Rob Samuels has bourbon in his blood. He better: He’s an eighth-generation whiskeymaker and the heir to the Maker’s Mark throne, where is father Bill Samuels Jr. serves as President and where Rob spends his days criss-crossing the country, spreading the gospel of Maker’s Mark.
Samuels gave me the full court press about his company’s product, and he has every reason to be proud: It’s perhaps the most labor-intensive, mass-produced whiskey in America, and the process includes barrels rotated in the warehouse, bottled, and dipped in wax — all by hand. Even the labels on the bottles are individually ripped, not done by a machine. Maker’s is also the largest brand whiskey in the world to draw all its water from a natural source: In this case, a 10-acre lake behind the distillery.
The proof is in the pudding, as Maker’s really is the smooth, light, and moderately sweet bourbon it claims to be, and it achieves the goals the distillery set out to do in 1953 — to temper the typical harshness and bitterness of bourbons of the day and create something more approachable and easy-drinking.
A highlight of my day with Samuels was a guided tasting through whiskey at various ages: Straight from the still (the clear spirit you see in the photo below), under-aged (for two years), at standard bottle age (averaging 6 1/2 years), and over-aged. Tasting raw, day-old bourbon was quite an experience, filled with chewy corn character and an unmistakable funk. Things settle down after two years, though the spirit is still sour and retains that clear corn character. I was actually a little partial to the over-aged Maker’s Mark, which has some wonderful woodiness, though it does bring on a bitter character after too long in the cask. In the end, Maker’s is just about right when it is finally deemed ready by its panel of 15 tasters (fun fact: nine of whom are women).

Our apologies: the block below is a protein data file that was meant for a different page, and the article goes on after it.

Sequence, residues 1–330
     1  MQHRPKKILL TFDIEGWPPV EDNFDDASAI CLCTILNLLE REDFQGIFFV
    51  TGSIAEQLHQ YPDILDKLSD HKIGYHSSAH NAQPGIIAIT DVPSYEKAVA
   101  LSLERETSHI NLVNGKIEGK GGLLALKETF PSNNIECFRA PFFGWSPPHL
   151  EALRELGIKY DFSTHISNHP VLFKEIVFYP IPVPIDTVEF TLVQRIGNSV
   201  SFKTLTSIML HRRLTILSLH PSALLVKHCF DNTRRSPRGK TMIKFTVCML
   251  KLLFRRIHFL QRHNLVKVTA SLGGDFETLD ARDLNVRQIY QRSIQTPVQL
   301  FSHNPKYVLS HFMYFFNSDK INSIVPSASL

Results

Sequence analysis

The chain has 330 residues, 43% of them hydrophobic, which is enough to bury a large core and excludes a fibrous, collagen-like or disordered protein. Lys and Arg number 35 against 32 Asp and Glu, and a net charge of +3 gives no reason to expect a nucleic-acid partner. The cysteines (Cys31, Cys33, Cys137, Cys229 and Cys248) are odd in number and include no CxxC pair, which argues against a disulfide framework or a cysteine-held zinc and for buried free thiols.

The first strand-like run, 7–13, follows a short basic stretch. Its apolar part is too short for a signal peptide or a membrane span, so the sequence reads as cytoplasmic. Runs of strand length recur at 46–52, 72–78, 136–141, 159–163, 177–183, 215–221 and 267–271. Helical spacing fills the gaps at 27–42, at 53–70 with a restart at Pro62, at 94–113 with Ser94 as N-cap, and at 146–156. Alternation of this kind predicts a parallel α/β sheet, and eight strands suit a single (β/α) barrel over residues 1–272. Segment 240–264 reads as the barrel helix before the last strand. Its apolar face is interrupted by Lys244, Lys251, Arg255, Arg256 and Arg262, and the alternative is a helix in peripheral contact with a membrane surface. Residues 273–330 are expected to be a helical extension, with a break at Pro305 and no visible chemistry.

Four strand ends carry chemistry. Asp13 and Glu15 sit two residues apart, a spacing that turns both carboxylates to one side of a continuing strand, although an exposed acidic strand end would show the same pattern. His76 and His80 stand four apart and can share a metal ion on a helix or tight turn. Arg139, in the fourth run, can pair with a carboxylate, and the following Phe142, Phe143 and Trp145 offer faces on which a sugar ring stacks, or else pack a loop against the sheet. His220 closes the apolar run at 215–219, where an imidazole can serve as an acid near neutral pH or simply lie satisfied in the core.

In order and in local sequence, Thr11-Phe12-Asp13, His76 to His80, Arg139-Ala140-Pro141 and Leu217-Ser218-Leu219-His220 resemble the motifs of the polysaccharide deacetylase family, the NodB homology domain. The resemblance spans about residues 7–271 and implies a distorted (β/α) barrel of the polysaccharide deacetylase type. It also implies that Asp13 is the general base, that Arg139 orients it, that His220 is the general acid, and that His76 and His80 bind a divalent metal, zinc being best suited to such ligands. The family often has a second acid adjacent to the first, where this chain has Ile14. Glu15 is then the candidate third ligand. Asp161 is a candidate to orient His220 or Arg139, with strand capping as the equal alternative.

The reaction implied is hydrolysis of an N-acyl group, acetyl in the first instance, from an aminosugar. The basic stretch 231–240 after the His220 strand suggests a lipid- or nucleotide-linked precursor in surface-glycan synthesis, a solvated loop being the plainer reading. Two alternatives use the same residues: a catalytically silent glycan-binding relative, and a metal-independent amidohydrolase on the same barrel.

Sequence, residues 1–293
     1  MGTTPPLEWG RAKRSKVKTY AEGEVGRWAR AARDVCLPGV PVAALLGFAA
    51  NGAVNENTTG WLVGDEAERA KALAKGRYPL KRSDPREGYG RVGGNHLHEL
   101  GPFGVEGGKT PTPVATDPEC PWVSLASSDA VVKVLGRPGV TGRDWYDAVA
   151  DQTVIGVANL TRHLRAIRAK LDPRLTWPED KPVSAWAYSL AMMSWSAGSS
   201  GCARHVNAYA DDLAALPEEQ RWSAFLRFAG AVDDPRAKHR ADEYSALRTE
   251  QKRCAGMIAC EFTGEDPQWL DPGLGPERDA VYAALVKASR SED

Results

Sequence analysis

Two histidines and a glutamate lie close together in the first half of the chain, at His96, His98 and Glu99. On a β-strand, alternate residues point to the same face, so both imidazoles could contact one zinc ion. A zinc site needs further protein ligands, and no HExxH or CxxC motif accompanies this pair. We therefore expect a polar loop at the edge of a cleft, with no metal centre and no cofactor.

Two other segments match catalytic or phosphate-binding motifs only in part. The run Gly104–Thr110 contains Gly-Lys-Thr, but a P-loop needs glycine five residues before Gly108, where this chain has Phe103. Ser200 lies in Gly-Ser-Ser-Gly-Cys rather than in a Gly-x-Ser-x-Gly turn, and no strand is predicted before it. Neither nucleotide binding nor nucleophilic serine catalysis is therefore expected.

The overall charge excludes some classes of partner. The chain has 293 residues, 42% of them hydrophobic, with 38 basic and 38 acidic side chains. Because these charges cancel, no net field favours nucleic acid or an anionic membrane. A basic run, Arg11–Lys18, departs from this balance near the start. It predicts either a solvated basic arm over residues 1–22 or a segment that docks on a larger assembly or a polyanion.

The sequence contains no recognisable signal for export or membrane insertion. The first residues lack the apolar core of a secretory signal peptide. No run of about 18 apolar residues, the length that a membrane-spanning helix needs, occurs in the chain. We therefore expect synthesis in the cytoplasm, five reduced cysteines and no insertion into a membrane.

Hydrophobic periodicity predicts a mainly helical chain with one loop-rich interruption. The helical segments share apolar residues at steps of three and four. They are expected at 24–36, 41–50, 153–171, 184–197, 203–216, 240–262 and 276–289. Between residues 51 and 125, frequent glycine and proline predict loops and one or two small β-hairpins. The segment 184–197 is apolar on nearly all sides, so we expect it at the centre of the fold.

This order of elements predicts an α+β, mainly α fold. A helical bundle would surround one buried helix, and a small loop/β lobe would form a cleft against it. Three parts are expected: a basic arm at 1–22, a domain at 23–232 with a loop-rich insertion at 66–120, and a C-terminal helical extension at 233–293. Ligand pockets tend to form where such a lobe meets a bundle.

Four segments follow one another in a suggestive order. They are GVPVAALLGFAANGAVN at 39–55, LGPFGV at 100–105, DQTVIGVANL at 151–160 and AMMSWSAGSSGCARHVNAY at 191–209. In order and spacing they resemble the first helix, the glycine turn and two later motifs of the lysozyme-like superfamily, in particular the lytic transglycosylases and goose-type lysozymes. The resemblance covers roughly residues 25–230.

Thanks to Rob and Maker’s Mark for a fun and educational day in blisteringly hot San Francisco.